Workforce Statistics by Generations

Workforce Statistics by Generations
May 2015
Category: Business

We are constantly being presented with new reports and studies on the different generations and how they effect economic conditions, from buying patterns and behaviors to how they shape the workforce and drive new trends for the work place. In more recent news, reports have shown that Millennials are now beginning to out number the Baby Boomers and Generation X in the workforce. Here is a look into the numbers.
There is a wide variety of definitions for the different generations. The Baby Boomer generation is the only clearly defined and recognized generation. These are folks who were born between 1946 and 1964 (currently age 51 to 69 years). Generation X (a.k.a. Gen X) is mostly recognized as those who were born between 1965 and 1979 (currently age 36 to 50 years). Generation Y (most commonly referred to as the Millennials) has the most varying definition. Sometimes they are recognized as being born between 1980 to 1994, 1980 to 2000, and 1980 to 2004. For the purposes of this article, since 16 is the legal minimum age a person can join the workforce, Millennials will be defined as those being born between 1980 and 2000 (currently age 16 to 35 years).
This seems like the big question everyone is asking right now. The short answer is -Yes, the Millennials are beginning to take over the workforce, at least in numbers that is. Hopefully you are not surprised. It was destined to happen eventually and it appears that 2015 is the magic year. Millennials are now the largest generation in the workforce and nothing short of a wave of retirees coming back to work is going to change that. In fact the magnitude will only get stronger with current projections suggesting that by the year 2020, Millennials will make up 50% of the workforce globally.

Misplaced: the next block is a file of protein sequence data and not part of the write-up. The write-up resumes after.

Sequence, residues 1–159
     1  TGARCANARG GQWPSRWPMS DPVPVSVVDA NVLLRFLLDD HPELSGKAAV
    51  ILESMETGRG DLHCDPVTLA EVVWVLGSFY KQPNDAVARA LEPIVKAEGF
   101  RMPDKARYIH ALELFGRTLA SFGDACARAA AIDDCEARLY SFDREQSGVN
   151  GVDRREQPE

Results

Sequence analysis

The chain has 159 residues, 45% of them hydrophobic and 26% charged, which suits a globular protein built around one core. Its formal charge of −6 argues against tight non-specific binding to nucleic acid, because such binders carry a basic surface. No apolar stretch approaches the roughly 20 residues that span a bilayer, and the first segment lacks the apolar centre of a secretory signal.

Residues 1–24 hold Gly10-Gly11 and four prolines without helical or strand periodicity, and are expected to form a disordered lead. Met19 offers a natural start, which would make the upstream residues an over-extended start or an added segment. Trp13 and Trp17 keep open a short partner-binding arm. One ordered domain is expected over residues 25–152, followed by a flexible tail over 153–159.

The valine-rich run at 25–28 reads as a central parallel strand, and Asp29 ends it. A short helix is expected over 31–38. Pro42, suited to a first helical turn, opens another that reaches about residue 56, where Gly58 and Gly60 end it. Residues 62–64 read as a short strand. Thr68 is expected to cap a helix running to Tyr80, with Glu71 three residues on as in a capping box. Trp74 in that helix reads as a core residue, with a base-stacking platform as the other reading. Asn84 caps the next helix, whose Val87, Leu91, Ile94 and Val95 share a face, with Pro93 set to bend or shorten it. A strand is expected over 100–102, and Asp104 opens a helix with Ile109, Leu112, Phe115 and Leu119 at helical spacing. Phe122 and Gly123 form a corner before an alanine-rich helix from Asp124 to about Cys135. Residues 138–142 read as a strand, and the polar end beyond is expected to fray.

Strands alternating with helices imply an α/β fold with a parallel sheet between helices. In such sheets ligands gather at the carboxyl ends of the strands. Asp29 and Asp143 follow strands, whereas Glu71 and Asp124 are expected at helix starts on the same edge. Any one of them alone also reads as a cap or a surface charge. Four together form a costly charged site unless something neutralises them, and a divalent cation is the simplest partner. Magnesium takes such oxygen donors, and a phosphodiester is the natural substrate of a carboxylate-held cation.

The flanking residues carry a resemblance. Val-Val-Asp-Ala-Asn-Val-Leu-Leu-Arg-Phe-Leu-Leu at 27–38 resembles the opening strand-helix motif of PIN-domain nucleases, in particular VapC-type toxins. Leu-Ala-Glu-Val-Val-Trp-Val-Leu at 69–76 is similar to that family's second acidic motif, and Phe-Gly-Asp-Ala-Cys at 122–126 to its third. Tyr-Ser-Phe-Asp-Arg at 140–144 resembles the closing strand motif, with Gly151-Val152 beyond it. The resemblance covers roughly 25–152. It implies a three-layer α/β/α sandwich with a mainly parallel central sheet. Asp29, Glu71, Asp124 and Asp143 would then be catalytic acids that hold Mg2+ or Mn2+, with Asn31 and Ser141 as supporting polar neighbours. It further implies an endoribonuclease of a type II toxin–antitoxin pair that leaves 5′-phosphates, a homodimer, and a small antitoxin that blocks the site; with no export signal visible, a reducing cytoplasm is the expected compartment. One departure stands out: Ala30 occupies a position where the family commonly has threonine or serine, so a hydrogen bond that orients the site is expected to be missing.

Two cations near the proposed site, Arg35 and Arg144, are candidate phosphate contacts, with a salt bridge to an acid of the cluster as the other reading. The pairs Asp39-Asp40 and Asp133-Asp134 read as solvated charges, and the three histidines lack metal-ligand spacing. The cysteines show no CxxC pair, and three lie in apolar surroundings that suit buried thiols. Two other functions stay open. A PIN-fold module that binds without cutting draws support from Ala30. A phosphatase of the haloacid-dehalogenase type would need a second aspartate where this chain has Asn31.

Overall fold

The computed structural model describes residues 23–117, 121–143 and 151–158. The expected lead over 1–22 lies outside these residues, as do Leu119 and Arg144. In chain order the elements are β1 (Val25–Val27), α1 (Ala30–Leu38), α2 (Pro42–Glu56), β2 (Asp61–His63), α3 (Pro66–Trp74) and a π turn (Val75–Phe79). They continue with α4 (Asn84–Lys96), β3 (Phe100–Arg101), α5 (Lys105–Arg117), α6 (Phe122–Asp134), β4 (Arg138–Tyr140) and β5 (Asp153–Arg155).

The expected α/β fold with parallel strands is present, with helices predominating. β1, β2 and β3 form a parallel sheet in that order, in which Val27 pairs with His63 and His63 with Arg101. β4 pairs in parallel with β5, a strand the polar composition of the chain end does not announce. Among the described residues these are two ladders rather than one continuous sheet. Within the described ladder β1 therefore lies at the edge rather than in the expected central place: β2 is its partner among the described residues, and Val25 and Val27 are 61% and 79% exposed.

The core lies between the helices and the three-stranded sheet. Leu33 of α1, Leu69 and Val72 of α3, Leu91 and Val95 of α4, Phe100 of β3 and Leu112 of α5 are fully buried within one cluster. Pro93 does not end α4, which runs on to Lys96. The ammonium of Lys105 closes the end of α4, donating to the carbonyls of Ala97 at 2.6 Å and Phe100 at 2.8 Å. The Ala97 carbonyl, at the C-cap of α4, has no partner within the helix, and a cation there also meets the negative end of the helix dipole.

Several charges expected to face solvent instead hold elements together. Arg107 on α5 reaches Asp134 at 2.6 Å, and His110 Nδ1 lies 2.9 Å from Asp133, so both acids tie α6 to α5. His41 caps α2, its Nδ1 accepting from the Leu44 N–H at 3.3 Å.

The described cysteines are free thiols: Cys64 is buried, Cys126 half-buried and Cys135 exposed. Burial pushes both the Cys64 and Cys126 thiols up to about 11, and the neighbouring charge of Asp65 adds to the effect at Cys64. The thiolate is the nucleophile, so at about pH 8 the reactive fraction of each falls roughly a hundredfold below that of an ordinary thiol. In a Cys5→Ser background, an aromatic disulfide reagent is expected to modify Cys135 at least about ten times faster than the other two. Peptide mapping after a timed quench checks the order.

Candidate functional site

Generational groups have and will always be a part of the population conversation. It is how we identify ourselves. Therefore the concept of a new generation taking its place in the workforce is not a new phenomena. At one point in time, there were headlines and discussions about the uncertainties of the Baby Boomers taking their place in the workforce as that generation came of age during the 1980's. Because these groups are a static, meaning you are either in the group or not based on your birth year, old and new groups alike will continuously move through the lifecycles of adolescence, young adult, adult, senior, retirement, etc. So, not to be a forecaster of the obvious, but "Generation Z expected to dominate the workforce next year" is a headline you will see in the future.
The chart below displays the total U.S. population by generation. There are currently 74.8 million Baby Boomers, 61.1 million Gen X'ers, and 86.9 million Millennials in the United States. 
Hypothetically speaking, if we take the average age of retirement, which is 62 years old (most people plan to retire at 65, but end up retiring a few years before), and subtract that from the total Baby Boomer population, the potential workforce numbers look something like this:
Given this estimate, the Baby Boomer workforce candidates have become largely outnumbered by Generation X and the Millennials.